Agilent Technologies and the Bioprocessing Technology Institute (BTI), a research institute of Singapore’s Agency for Science, Technology and Research (A*STAR), have announced that they will collaborate on new analytical approaches to analysing specific protein-linked sugar compounds.
Agilent Thought Leader Award supports search for biomarkers to better predict side effects of new medicines.
Berkeley Lab researchers’ novel diffraction spectroscopy technique will provide insight to chemical processes at important battery interface.
NIST has made electron spin resonance useful for exploring tiny objects for the first time, potentially enabling the decades-old technique to spot defects on computer chip surfaces or view the workings of proteins on the surface of cells.
Archaeologists examining late period Mayan containers have identified nicotine traces from a codex-style flask, revealing the first physical evidence of tobacco use by ancient Mayans. The study published in Rapid Communications in Mass Spectrometry (doi: 10.1002/rcm.5339) reveals the flask is marked with Mayan hieroglyphics reading, “y-otoot ’u-may” (“the home of its/his/her tobacco”), making it only the second case to confirm that the text on the exterior of a Mayan vessel corresponds to its ancient use.
A new type of terahertz sensor, that is much faster than competing technologies used to detect and identify hidden objects, has been developed by scientists at the University of Warwick, UK.
As part of around €24.5 million in funding for the next three years, the Deutsche Forschungsgemeinschaft (DFG, German Research Foundation) will establish one new Clinical Research Unit and nine new Research Units. As all DFG Research Units, the new units will collaborate interdisciplinarly and span multiple locations.
Among the new Research Units are three that may be of interest to readers (in alphabetical order by Host University).
Terahertz spectroscopy enables the measurement of fundamental magnetotransport details and provides basis for advanced nanoelectronics.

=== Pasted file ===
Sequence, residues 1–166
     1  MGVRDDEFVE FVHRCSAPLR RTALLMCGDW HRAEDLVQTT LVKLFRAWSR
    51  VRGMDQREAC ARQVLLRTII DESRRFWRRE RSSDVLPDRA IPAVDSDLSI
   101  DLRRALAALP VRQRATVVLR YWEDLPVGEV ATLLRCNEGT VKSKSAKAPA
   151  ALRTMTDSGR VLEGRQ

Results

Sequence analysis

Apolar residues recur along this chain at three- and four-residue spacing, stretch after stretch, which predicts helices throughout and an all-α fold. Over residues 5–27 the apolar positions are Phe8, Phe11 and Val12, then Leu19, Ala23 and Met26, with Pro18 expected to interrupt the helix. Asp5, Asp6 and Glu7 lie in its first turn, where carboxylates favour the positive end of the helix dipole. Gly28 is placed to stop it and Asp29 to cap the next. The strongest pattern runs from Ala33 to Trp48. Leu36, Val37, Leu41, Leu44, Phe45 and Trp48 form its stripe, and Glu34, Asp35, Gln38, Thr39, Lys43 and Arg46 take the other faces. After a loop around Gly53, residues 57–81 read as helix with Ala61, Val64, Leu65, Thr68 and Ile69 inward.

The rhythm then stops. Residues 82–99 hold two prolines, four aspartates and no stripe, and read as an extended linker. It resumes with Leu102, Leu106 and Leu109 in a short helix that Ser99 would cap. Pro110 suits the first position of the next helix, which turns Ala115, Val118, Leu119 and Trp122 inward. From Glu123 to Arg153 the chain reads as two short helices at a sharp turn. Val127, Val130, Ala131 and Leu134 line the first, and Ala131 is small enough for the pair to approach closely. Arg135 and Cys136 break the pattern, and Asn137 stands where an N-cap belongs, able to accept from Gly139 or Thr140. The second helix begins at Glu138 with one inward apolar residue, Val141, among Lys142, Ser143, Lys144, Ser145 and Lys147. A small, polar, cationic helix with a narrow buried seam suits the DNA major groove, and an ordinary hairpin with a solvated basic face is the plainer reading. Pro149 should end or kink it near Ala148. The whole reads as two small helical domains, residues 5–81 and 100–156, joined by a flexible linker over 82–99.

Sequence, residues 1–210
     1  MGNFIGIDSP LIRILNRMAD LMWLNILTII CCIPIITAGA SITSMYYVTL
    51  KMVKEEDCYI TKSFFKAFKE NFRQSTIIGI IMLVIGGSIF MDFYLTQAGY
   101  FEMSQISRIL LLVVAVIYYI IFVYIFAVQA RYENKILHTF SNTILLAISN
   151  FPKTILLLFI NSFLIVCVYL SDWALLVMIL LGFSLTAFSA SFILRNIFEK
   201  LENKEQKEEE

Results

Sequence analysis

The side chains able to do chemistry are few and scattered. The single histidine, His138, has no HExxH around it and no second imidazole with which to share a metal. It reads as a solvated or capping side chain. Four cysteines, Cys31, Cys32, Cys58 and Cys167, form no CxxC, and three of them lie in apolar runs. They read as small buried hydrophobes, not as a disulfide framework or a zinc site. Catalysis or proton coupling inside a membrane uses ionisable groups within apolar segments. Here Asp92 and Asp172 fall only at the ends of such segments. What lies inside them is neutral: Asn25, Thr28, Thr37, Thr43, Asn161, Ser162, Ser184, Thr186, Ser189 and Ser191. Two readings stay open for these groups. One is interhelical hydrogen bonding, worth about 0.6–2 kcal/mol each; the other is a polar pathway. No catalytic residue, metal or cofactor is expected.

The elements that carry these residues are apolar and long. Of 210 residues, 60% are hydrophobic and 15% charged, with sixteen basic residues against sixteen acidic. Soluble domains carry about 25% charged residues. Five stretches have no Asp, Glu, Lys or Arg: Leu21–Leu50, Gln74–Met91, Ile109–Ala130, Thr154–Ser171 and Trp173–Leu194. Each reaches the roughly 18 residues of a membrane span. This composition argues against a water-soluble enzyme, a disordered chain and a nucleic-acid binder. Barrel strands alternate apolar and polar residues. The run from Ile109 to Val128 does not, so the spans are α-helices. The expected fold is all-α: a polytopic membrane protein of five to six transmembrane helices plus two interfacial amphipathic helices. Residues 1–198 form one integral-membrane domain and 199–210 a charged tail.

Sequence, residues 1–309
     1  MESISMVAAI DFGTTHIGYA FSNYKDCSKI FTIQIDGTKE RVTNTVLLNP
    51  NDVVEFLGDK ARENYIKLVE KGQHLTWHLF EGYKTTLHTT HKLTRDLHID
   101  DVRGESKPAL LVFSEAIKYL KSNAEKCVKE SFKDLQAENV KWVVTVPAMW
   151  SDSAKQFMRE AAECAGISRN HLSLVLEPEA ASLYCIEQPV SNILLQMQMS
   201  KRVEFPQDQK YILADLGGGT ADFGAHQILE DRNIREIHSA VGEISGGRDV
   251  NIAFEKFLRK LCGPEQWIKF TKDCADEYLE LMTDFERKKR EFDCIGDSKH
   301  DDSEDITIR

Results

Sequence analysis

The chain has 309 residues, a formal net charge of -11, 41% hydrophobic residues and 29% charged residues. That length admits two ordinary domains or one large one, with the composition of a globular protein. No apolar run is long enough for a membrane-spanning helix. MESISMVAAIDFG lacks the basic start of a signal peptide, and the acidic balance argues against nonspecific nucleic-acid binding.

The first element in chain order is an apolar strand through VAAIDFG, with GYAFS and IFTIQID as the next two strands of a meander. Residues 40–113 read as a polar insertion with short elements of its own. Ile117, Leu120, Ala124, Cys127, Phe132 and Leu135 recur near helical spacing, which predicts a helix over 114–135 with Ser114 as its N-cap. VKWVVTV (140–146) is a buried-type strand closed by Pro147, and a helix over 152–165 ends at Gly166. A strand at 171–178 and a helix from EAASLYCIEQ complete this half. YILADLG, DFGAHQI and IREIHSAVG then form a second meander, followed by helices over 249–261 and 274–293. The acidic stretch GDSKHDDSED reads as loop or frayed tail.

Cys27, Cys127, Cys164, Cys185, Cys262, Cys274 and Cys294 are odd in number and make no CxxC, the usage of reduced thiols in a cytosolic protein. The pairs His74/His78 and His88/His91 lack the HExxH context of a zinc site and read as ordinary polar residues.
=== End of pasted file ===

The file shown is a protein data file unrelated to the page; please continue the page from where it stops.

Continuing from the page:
New spectrometer based on quantum dots is small enough to function within a smartphone, enabling portable light analysis.
Super-eruptions are not the only type of eruption to be considered when evaluating hazards at volcanoes with protracted eruption histories, such as the Yellowstone (Wyoming), Long Valley (California), and Valles (New Mexico) calderas in the USA. There have been more than 23 effusive eruptions of rhyolite lava at Yellowstone since the last caldera-forming eruption ~640,000 years ago, all of similar or greater magnitude than the largest volcanic eruptions of the 20th century.
The ravages of time have severely damaged the wall and ceiling frescos in the upper cloister of Brandenburg Cathedral.
BaySpec’s OCI-UAV is an ultra-compact version of its OCI-Series Hyperspectral Imagers.
Hamamatsu have introduced their first high-brightness deuterium (H2D2) light source, with a deuterium lamp that emits UV light at an intensity six times higher than their conventional L2D2 range of lamps.
Perception Studio is a software suite for hyperspectral data acquisition and processing from Perception Park.
Researchers from Purdue University in the USA have created a new imaging technology based on Raman spectroscopy that reveals subtle changes in breast tissue, representing a potential tool to determine a woman's risk of developing breast cancer and to study ways of preventing the disease.
Researchers have used mass spectrometry imaging to uncover exactly how a human egg captures an incoming sperm to begin the fertilisation process.
Malvern Panalytical has produced an application note
A team of chemists from the University of Seville, Spain, has managed to distinguish between different kinds of tea leaves on the basis of their mineral content and by using artificial neural networks.
Europe is getting ready for its first unmanned visit to the surface of Mars. The first European Mars Rover on a joint mission of the American and European space agencies, NASA and ESA, will take off in 2018. The 250 kg Rover will roll over the surface of Mars at a speed of 100 m per hour. While doing so, it will inspect the surface and gather up ground and rock samples, some of them up to 2 m deep.